Todd Landman 23:19
That's great. That's very clear in your explanation. And then I suppose a follow up question would be you've been an operation now since 2015, you've had seven years of footage coming in and the secure servers and you've supplied images to cases, can you tell us the story of success, you know, it has been successful prosecutions in your mind from a legal perspective where you think that eyeWitness has made a definitive contribution to the outcome of those cases?
Wendy Betts 23:44
Absolutely. So as I mentioned, we've launched the app in 2015. And we're looking at atrocity crime. So going back to your earlier point about the long arc of justice in these crimes, we have to kind of bear that in mind at what point they might actually go to trial. So we've provided a significant amount of information to investigations at different stages of the process. And so not all of those have gone to trial yet. But indeed, we did collaborate on a case that has gone to trial and resulted in a conviction. And this was a project that we did in partnership with WITNESS, which is a group based in Brooklyn, and with TRIAL International, which is an organisation based in Switzerland, who does strategic litigation. And we then all three of us partnered with a human rights defender group on the ground in the Democratic Republic of Congo. And in that case, they were investigating a massacre that took place in 2012 in two different villages in eastern DRC. And local human rights defenders were able to use the app based on training that they received from WITNESS on filming a crime scene, and to help put it into a case that TRIAL International was helping to build and they were able to use the app to go back and collect photos that helped to actually authenticate footage that was taken contemporaneously with the massacre. But that hadn't been stored in a way to protect the chain of custody. So they were able to go back and take footage of some of the same scarring injuries on the victims to demonstrate that the ones taken at the time, were accurate, and able to take photos of the mass grave, which could be used to help determine the number of bodies based on its dimensions and how that matched up with the reports of the number of people who had been killed, and with the photos that have been taken at the time of the burials. So all of this footage was entered into evidence by the prosecutor in the case, and was accepted by the court and was noted in the judgement about the power of the footage. And indeed, the two militia leaders were convicted of crimes against humanity.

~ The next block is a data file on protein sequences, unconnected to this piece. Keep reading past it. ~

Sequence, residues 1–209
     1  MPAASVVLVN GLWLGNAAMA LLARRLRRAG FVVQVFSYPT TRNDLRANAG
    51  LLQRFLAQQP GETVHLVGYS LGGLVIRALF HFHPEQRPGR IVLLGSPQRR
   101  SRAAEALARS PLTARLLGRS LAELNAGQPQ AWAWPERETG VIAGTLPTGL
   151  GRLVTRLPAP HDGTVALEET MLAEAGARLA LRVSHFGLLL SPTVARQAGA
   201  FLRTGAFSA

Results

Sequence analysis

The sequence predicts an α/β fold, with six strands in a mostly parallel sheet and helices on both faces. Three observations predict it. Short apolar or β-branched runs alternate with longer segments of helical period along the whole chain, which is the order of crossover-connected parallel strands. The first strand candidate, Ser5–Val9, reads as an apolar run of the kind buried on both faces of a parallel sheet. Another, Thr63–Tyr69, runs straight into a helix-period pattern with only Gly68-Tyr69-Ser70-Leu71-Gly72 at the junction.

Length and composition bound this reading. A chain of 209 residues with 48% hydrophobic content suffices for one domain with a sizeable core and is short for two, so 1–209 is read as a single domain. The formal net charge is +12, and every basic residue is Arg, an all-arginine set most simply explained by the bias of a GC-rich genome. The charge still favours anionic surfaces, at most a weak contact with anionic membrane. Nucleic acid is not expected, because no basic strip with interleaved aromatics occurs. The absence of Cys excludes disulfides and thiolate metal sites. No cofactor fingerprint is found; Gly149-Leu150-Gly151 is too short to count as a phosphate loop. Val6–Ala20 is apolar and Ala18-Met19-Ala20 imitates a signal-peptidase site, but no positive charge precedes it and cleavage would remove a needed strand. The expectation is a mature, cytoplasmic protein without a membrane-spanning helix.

Todd Landman 25:51
Right. So that's a real success story, I had the pleasure of visiting WITNESS in Brooklyn back in 2011. And I recall that it's funny when you enter their offices, they sort of have a timeline of tech sitting in their front room, you know, cameras from ages ago, up to the latest stuff, and they're very, very good at training people how to represent human rights in a slightly different way that you do it. But working together, obviously has produced a great benefit. Now, it's that timeline of tech that interests me. And my final question is that, you know, technology continues to advance at an exponential rate. And what do you see for the future in this space? What would you like to do that you can't do yet, but you think will be possible in a few years time with respect to the technology that you've been working with and developing?
Wendy Betts 26:32
That's a great question. There's so many exciting things that can happen with technology. I mean, there's already it's not even in the future, it's looking at virtual reality and using that for juries to kind of put them in the place of the crime scene. And that's all based on taking a number of photos and videos that can then be put through the algorithm to be transformed into virtual reality. There's the idea of being able to take 3D photo and video that you might be able to broadcast into the courtroom. I think the interesting component of that, though, is can the courts keep up? I think the courts now are trying to determine how to best handle digital evidence that's coming out of this flood of footage over the last 10 years. So I'm not sure we're ready to start talking about how we handle 3D images that are captured on a mobile phone.